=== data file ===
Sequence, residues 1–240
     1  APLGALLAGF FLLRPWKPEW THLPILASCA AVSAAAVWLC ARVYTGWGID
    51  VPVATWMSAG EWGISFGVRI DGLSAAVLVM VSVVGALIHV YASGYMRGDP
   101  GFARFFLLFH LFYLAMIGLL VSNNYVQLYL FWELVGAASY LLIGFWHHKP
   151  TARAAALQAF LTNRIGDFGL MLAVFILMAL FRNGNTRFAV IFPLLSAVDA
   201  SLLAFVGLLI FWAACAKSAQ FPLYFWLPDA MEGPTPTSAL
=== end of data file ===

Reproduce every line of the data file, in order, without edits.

Sequence, residues 1–240
     1  APLGALLAGF FLLRPWKPEW THLPILASCA AVSAAAVWLC ARVYTGWGID
    51  VPVATWMSAG EWGISFGVRI DGLSAAVLVM VSVVGALIHV YASGYMRGDP
   101  GFARFFLLFH LFYLAMIGLL VSNNYVQLYL FWELVGAASY LLIGFWHHKP
   151  TARAAALQAF LTNRIGDFGL MLAVFILMAL FRNGNTRFAV IFPLLSAVDA
   201  SLLAFVGLLI FWAACAKSAQ FPLYFWLPDA MEGPTPTSAL